The customer-centric journey has not been all that smooth. Enhanced technologies and well-intended operational plans have not been sufficient. There is something much more significant that is being overlooked. With results that are falling short of justifying the effort and investment, business leaders are seriously looking for the one missing element that will make the customer experience journey more meaningful.
What ROI has been realized?
The investment in customer relationship management (CRM) technologies and processes to improve the customer experience has been substantial. Persistent efforts to assure cost efficiencies have paid off. But measurements of customer engagement and customer experience have continued to show a wide gap between what is achieved and what can be accomplished. The investments in customer-focused strategies have realized only a partial return on investment, despite businesses’ best efforts to improve the efficiencies of their contact centers.
What is the essential element of the customer engagement that is missing?
Is the answer hidden in the new move to the cloud environment, or in implementing advanced digital marketing and mobile applications to fulfill the needs of the market? Is it more to do with understanding the behavior of customers in the social media platforms or ensuring that business analysts are equipped with best-in-class business intelligence capabilities? All these, no doubt, are valid approaches that contribute to getting closer to the customer. But the one major factor that produces far greater results than all of them is a needed paradigm shift in businesses’ view of strong customer engagement.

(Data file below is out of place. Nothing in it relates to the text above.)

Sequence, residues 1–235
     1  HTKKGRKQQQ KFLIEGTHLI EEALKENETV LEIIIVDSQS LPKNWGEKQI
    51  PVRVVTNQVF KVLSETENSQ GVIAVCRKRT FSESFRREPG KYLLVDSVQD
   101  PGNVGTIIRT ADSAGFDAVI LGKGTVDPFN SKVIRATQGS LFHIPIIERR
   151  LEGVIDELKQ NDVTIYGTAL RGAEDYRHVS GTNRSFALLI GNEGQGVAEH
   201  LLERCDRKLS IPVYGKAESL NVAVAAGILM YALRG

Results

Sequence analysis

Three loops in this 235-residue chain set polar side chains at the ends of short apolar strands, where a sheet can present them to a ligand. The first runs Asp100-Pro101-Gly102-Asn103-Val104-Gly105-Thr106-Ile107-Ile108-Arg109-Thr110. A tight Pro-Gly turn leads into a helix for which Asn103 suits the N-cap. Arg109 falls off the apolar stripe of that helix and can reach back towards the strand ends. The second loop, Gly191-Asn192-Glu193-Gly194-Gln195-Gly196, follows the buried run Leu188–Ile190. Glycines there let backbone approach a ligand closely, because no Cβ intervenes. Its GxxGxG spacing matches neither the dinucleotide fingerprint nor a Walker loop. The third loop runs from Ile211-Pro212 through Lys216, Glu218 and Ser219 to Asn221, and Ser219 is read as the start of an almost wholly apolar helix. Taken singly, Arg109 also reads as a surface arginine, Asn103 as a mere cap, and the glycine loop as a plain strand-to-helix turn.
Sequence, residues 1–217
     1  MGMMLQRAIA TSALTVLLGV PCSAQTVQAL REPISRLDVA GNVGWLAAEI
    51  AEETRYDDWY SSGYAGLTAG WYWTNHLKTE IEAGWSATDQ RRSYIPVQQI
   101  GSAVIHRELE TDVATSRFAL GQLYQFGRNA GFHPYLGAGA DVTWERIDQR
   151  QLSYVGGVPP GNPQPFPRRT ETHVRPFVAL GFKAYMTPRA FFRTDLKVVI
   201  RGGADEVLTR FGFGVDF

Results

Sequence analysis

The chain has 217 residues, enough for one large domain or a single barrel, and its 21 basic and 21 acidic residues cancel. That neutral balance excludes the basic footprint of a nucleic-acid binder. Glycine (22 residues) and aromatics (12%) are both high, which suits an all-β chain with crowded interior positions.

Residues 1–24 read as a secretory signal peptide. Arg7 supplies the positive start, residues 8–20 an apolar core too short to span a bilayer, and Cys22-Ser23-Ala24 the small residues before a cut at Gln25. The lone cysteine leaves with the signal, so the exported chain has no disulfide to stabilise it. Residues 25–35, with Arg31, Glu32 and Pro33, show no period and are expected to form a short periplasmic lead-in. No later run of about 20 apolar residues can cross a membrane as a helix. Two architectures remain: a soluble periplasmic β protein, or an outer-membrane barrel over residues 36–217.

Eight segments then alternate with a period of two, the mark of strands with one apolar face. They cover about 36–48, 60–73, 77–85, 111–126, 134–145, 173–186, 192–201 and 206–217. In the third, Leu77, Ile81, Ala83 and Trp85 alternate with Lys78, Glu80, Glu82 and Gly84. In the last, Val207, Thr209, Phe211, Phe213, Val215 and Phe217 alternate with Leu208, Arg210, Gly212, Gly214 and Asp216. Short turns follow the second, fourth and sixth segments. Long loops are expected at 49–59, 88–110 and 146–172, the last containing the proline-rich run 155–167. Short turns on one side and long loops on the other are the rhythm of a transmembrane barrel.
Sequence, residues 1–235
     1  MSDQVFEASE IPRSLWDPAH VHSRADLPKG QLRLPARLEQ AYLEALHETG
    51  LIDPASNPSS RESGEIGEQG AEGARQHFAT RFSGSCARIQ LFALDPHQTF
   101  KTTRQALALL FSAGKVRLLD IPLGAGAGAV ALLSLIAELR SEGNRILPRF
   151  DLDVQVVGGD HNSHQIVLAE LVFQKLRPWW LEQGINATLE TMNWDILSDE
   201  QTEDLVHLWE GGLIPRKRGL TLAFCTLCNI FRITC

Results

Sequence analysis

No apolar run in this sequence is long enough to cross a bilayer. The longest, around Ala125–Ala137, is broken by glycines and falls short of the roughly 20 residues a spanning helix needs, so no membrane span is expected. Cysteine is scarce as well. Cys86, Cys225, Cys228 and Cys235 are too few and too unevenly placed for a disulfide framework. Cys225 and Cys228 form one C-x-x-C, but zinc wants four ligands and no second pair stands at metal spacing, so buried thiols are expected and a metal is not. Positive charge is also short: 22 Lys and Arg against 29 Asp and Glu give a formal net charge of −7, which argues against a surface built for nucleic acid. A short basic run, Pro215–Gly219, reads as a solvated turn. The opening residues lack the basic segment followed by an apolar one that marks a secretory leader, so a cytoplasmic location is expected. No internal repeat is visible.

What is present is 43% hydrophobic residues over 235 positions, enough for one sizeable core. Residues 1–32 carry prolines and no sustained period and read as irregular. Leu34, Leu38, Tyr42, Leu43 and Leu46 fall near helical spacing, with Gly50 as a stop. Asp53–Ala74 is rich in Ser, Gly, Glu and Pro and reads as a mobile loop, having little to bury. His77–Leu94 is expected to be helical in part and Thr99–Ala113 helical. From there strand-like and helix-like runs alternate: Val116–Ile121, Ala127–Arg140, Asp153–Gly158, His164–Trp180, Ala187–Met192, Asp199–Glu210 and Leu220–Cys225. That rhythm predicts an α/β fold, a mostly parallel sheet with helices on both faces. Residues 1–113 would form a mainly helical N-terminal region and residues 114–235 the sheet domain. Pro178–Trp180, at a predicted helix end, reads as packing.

Redefine the focus
Interactive voice response (IVR) systems, contact routing, workforce management software, new tools for reporting, and advanced speech and text analytics all are helping to transform contact centers from cost centers to profit centers. Self-service applications, optimizing the customer call, and cutting back the costs of customer communication are all good. But they are not good enough.
Technology investments make it possible to achieve operational efficiencies, but they do not contribute actively to revenue enhancement. In order to contribute substantially to the bottom line, the focus needs to be on realizing emerging opportunities, winning new business, nurturing a great customer experience, ensuring customer loyalty, and increasing revenues.
When the goal is to succeed in today’s brutally aggressive competitive economic landscape, targeting enterprise-wide effectiveness must be the focus. Businesses need to replace the operational efficiency mindset with an ongoing quest for effectiveness in improving the customer experience. The ultimate goal is to deliver competitively superior customer value. When that is achieved, increased revenue will follow.